The big idea we need

art by 108 in Italy

Why are organizations, everywhere, political, commercial and social, increasingly unable to manage their affairs?

Why are individuals, everywhere, increasingly in conflict with and alienated from the organizations of which they are part?

Why are society and the biosphere increasingly in disarray?

I suppressed my desire to control the future, and tried to create the conditions by which new concepts might emerge.

What if ownership was in the form of irrevocable right of participation rather than stock?

What if it were self-organizing?

What if power and function were distributive, with no power vested in or function performed by any part that could reasonably be exercised by any more peripheral part?

What if governance were distributive?

What if it could seamlessly blend cooperation and competition?

What if it were infinitely malleable, yet extremely durable?

Educe — to bring or draw forth something already present in a latent, or undeveloped form. It can be contrasted with induce, meaning ‘to prevail upon; move by persuasion or influence—to impel, incite, or urge’

This endless compression of float, whether of life forms, money, information, technology, time, space, or anything else, can be combined and thought of as the disappearance of ‘change float’—the time between what was and what is to be—between past and future.

There has been no loss of institutional float.

Although their size and power have vastly increased, although we constantly tinker with their form, although we change their labels, there has been no new, commonly accepted idea of organizations since the concepts of corporation, nation-state, and university emerged, the newest of which is centuries old.

They are no longer, not even indirectly, an instrument of the societies they affect, but an instrument of the few who control the ever-increasing power and wealth they command.

When a corporation rips from the Earth irreplaceable energy or resources, no matter how much it pays for them; when it uses any resources more rapidly than they can be replaced, or at less than full replacement cost, it has socialized the cost (spread it to society as a whole; the people at large) and capitalized the resultant gain.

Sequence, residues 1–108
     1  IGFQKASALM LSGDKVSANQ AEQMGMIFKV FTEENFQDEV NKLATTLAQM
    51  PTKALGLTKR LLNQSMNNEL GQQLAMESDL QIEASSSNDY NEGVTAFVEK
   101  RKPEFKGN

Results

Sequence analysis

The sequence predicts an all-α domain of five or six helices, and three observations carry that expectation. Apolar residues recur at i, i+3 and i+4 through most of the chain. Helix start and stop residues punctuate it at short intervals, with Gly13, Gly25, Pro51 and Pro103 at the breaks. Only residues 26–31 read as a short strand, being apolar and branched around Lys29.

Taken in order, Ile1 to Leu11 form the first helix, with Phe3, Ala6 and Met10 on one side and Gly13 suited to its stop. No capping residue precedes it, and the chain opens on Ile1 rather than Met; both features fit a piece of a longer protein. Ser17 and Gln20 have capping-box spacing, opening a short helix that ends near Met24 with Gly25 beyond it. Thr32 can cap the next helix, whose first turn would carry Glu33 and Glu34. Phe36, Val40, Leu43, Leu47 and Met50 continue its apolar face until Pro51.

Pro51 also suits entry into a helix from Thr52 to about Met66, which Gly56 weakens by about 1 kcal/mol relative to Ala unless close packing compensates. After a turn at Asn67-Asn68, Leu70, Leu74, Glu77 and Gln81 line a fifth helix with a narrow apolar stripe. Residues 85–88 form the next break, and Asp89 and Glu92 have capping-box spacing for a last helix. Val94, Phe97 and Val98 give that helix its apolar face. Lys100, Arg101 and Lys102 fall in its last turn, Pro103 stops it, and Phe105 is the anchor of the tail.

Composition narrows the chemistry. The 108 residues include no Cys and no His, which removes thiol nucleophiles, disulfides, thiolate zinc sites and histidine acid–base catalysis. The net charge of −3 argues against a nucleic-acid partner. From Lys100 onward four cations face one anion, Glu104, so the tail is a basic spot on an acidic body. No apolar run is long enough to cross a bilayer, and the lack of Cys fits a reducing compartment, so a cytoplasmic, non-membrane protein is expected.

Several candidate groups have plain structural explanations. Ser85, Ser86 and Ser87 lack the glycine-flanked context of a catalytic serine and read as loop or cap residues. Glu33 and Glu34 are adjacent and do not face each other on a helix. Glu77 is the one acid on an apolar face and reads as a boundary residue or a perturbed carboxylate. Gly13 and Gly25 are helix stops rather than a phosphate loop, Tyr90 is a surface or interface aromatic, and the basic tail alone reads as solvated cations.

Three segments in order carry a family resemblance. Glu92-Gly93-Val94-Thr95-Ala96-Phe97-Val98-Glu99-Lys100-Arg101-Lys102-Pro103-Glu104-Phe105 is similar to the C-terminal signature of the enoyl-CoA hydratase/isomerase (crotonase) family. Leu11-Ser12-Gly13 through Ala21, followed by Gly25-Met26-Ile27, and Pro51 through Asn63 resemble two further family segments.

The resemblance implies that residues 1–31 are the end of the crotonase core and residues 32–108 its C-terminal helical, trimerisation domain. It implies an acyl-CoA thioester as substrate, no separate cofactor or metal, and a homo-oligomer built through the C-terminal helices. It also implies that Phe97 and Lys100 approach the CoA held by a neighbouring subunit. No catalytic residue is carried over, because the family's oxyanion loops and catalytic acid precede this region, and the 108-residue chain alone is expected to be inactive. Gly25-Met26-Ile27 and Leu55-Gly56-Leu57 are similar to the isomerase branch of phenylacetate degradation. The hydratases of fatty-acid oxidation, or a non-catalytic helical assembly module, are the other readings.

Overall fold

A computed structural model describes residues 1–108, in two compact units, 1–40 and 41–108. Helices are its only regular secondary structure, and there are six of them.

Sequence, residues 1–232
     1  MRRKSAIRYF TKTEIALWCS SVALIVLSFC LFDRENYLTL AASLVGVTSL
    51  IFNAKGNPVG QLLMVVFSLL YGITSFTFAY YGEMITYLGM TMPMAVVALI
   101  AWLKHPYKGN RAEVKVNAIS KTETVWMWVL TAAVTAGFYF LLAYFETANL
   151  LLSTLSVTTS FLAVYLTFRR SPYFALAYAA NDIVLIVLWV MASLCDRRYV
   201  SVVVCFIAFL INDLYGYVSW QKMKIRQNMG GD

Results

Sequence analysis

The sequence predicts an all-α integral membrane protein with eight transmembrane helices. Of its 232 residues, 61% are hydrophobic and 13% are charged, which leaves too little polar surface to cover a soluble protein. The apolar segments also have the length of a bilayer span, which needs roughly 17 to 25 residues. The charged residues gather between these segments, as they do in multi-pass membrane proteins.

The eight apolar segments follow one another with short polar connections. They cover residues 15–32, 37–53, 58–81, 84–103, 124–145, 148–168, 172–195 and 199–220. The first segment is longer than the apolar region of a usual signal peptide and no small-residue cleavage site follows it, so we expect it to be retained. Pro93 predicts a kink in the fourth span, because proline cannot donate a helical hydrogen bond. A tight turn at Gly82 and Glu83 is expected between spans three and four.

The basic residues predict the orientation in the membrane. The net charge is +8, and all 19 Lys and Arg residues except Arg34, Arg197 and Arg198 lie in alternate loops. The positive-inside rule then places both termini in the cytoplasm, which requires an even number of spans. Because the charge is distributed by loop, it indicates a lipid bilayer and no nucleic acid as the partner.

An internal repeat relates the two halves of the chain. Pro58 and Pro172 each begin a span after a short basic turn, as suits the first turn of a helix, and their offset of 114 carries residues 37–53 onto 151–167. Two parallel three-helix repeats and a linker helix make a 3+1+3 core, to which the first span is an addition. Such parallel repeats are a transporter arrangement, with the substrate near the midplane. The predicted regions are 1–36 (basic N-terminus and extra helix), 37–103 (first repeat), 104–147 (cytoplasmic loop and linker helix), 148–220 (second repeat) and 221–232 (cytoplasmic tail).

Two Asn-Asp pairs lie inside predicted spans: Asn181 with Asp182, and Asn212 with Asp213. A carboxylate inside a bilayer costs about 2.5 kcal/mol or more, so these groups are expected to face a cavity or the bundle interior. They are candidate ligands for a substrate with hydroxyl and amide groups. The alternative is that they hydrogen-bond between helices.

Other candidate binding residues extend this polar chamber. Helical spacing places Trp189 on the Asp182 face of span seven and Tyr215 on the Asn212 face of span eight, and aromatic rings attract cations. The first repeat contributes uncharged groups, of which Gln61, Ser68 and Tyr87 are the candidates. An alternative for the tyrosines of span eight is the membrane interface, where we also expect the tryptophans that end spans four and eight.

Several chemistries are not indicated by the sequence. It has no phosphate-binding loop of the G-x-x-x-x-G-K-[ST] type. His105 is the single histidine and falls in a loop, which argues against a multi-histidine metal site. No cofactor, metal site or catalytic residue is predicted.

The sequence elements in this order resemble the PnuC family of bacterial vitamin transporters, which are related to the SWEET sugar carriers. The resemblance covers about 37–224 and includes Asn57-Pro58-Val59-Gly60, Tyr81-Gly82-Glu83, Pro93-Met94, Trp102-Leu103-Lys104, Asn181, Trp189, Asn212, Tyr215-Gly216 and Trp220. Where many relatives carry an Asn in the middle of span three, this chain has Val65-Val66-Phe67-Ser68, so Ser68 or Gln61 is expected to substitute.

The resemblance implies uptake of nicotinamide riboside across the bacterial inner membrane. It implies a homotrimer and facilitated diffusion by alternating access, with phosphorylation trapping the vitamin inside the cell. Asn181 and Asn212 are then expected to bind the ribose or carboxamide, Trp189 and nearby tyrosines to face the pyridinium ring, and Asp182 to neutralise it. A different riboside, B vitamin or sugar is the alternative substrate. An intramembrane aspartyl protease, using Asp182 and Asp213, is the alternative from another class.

When we trumpet the glories of monetary capitalism and praise the fiction of free markets while decrying the evils of socialism we are engaging in cant and hypocrisy. Clearly, we make love to socialism in the balance-sheet bedroom called cost, and make love to capitalism in the bedroom called gain. It is tearing the physical world apart, and most people as well.

We wanted to give you something that you could keep for the remainder of your life as a reminder of this day. On one cufflink [this was the ‘70s, after all] is half of the world surrounded with the Latin phrase ‘Stadium ad prosperandum’—the will to succeed. On the second cufflink is the other half of the world surrounded with ‘Voluntas in conveniendum’—the grace to compromise. We meet tomorrow for the final time to disband the effort after an arduous two years. There is no possibility of compromise. As organizing agent, we have one last request. Will you please bring your cufflinks to the meeting in the morning? When it ends, each of us will take them with us as a reminder for the remainder of our lives that the world can never be united through us because we lacked the will to succeed and the grace to compromise. But if, by some miracle, our differences can dissolve before morning, this gift will remind us to the day we die that the world was united because we had the will to succeed and the grace to compromise.”

Science has traditionally operated in the provinces of data, information, and knowledge … theology philosophy, literature and art have traditionally operated in the provinces of understanding and wisdom.

Today we are drowning in a raging flood of new data and information and the raft of wisdom to which we desperately cling is breaking up beneath us.

The concept of organizations composed of semi-autonomous equals affiliated for common purpose, such as Visa, the Internet, and Linux software, has intensified the endless debate as to whether competition or cooperation should rule the day. Each has passionate messiahs to preach its virtue. Both are wrong. Competition and cooperation are not contraries. They have no opposite meaning. They are complementary. In every aspect of life, we do both. Schools are highly cooperative endeavors within which scholars vigorously compete. The Olympic Games combine immense cooperation in structure and rules with intense competition in events…. every cell in our bodies vigorously competes for every atom of nutrient we swallow and every atom of oxygen we breathe, yet every cell can sense when the good of the whole requires they cooperate by relinquishing their demands when the need of other cells is greater. Life cannot reach its highest potential, in fact, cannot exist without a harmonious blend of competition and cooperation.

The production of goods and services has progressed from the age of ‘hand-crafting’, through the industrial age, more accurately thought of as the age of ‘machine-crafting’, into the so-called information age, which can best be understood as the age of ‘mind-crafting’… whether it will eventually lead to yet another age characterized by an extension of ethical and spiritual power is a much more compelling question…